Thirty-first Sunday of Ordinary Time • Year C

Edward J. Enright, O.S.A.
Merrimack College
North Andover, Massachusetts

Wis 11:22–12:2
Ps 145:1-2,8-9,10-11,13,14
2 Thess 1:11-2:2
Luke 19:1-10

Internally displaced peoples await assistance during the ongoing civil war in Ethiopia.

“I will praise your name for ever, my king and my God.” So we refrain in response to the reading from the Book of Wisdom (11:22-12:2). Someone might ask, “Why would we, in a world so messed up with war, famine, and so many other categories of disaster, praise God and, worse still, address God under such a title as king?”.

God would seem to be so absent, that God’s existence could easily be doubted. And to address this God as king would suggest someone in charge of this crazy world, or even if in charge, so many rulers of our day perpetrate such incredible inhumanities against their own people and threaten the lives of millions beyond their own borders, that naming God “king” would seem to be an insult of the greatest magnitude.

People of faith, however, know that God not only exists, but that God is very much in charge and can be called a king. This is so not in terms of human ways, but in the most intimately gracious ways found in God’s Word today.

In the Book of Wisdom, after comparing the immensity of God with creation (described as a seemingly insignificant “grain from a balance/or a drop of morning dew”), the author verbs God’s powerful but deep and caring involvement in our world, which is clearly understood as God’s own world. Of course, God’s own world is not the distorted landscape that we humans in our sinfulness have created, because we failed to take seriously our responsibility as co-creators and co-caretakers handed over to us by our Creator. Wisdom’s author reminds us that God has mercy on all creation, human and natural, because God “can do all things.”

The rhetoric of this reading is so beautiful, it cannot fail to move anyone sensitive to our relationship with God and our fellow creatures. Wisdom’s author says of God, that God overlooks our sins in order to give us the opportunity to repent; loves everything that exists and loathes nothing that God has made, because God cannot hate what God has fashioned; wills and preserves and calls forth all that exists; spares all of creation because it belongs to God, whom the author calls “Lord and lover of souls,” who is to be found in all of creation. Creation, human and natural, becomes the sacraments of God’s inescapable presence.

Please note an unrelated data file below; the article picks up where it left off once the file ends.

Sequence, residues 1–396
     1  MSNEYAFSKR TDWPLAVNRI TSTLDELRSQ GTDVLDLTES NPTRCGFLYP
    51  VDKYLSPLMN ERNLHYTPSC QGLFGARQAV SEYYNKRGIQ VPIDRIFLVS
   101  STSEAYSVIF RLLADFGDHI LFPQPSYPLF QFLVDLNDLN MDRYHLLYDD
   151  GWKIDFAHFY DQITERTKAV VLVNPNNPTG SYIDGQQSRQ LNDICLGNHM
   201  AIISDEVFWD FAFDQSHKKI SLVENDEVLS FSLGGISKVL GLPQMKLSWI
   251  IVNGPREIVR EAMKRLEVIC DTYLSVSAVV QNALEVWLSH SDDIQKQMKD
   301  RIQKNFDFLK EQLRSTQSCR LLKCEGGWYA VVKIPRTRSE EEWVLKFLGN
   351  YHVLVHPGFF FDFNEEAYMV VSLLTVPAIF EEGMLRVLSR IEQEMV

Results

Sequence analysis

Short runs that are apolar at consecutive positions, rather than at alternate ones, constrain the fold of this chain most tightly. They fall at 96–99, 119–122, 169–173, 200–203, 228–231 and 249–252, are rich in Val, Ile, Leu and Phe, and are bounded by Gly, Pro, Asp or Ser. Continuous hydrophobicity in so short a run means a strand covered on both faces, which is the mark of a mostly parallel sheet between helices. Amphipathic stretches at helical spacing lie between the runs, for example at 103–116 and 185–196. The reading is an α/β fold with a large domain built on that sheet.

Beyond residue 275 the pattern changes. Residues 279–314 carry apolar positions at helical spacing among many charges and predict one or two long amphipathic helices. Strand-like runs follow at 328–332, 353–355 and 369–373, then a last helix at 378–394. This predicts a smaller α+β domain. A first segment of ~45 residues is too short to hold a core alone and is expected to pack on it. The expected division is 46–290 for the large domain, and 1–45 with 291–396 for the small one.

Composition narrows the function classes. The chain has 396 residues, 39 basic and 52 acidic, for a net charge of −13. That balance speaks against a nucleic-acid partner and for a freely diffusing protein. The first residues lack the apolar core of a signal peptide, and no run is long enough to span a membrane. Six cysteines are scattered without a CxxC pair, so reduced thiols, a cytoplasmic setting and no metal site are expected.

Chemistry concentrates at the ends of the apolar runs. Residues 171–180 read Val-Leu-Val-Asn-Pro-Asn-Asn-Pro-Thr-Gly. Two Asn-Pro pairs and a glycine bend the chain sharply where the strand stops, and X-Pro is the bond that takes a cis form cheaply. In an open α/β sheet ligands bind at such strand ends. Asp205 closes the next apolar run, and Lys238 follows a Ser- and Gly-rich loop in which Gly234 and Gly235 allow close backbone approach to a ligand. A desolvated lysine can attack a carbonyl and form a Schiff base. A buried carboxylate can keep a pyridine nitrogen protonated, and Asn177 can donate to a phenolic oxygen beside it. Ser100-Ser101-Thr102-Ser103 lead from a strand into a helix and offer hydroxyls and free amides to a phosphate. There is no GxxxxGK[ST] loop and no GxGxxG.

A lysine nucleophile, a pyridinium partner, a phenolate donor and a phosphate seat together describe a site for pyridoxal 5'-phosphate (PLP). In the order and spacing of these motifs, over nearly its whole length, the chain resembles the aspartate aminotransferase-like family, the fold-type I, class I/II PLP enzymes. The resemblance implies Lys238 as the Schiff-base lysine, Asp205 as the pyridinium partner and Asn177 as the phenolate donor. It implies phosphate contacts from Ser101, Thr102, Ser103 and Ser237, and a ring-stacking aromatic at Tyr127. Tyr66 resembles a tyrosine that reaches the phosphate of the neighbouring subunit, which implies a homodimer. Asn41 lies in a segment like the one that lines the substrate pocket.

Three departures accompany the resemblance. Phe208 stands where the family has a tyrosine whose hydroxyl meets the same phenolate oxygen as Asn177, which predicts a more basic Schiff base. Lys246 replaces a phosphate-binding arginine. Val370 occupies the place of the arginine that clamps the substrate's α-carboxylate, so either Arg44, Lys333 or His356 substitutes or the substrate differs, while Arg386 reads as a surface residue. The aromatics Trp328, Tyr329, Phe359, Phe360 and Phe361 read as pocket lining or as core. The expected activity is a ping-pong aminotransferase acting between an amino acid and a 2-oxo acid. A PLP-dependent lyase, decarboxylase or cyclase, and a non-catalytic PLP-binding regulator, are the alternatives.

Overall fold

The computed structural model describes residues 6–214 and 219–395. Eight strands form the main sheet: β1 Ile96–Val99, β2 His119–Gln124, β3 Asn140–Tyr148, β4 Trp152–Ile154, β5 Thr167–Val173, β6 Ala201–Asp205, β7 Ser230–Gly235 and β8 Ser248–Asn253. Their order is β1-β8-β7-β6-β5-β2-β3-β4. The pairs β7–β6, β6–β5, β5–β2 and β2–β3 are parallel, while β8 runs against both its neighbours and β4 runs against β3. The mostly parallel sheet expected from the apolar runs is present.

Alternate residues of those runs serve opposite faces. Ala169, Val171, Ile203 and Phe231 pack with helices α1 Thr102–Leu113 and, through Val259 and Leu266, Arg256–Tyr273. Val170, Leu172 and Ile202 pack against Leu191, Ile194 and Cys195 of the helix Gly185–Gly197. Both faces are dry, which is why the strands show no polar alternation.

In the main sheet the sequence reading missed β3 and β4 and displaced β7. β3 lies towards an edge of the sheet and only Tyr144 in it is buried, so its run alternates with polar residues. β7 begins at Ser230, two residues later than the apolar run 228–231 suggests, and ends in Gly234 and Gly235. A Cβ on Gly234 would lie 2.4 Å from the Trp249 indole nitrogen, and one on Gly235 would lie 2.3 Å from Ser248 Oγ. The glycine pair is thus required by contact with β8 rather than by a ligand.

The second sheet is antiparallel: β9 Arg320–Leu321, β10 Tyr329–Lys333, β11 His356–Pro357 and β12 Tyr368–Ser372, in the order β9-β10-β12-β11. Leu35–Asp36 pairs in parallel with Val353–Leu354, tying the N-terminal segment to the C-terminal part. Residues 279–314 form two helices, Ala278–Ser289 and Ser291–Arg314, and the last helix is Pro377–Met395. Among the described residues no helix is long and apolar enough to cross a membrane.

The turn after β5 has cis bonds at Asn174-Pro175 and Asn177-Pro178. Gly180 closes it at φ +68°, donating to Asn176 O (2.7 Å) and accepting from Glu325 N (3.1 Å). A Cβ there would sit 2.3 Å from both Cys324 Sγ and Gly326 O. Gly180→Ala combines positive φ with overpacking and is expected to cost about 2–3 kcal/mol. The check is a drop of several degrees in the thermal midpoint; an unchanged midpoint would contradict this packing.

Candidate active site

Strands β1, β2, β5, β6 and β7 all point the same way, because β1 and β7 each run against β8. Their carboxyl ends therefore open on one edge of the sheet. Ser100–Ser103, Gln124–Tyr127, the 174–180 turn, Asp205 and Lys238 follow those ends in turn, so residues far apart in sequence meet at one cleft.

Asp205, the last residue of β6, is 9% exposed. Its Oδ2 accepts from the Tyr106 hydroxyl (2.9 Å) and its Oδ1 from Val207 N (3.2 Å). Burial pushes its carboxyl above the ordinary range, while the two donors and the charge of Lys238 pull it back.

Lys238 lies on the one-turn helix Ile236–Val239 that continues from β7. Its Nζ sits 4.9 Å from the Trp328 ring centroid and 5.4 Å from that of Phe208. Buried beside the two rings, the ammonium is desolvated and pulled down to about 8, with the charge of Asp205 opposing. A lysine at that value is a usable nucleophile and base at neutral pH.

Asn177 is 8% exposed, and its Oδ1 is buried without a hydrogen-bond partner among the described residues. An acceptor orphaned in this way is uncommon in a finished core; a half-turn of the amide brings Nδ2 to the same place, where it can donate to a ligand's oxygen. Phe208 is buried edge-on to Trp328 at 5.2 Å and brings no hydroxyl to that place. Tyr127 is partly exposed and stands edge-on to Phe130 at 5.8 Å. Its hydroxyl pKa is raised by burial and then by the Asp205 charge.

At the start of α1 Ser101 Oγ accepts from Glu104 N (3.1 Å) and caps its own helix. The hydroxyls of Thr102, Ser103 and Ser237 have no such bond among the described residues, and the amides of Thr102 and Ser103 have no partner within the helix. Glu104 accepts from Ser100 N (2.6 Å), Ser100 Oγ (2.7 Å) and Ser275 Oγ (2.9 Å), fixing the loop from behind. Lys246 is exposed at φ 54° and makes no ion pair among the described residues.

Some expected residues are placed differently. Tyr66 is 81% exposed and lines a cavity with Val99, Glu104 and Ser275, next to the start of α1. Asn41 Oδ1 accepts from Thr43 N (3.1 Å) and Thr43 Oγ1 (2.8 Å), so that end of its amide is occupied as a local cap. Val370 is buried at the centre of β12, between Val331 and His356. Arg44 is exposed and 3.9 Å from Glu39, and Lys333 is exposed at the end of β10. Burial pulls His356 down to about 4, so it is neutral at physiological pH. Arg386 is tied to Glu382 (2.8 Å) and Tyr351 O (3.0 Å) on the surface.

We cannot get rid of God no matter how hard we try in our sinfulness. And it is precisely because God wants us to be more and more the sacraments of God’s presence to others that God calls us little by little, rebuking and warning and reminding us, says Wisdom, so that we can turn to the merciful and compassionate God, whom Jesus, in the Gospel of Luke, proclaims as he enters into the house of Zacchaeus, the tax collector, who was lost, but Jesus found.

God does not give up on us, but as the second Letter of Saint Paul to the Thessalonians reveals, makes the repentant “worthy of his calling” and powerfully brings “to fulfillment every good purpose and every effort of faith.”

Since God “is faithful in all his words and holy in all his works,” lifting up “all who are falling” and raising up “all who are bowed down,” we can this day and every day, and particularly in the celebration of the Eucharist, praise God’s name forever, addressing God as king.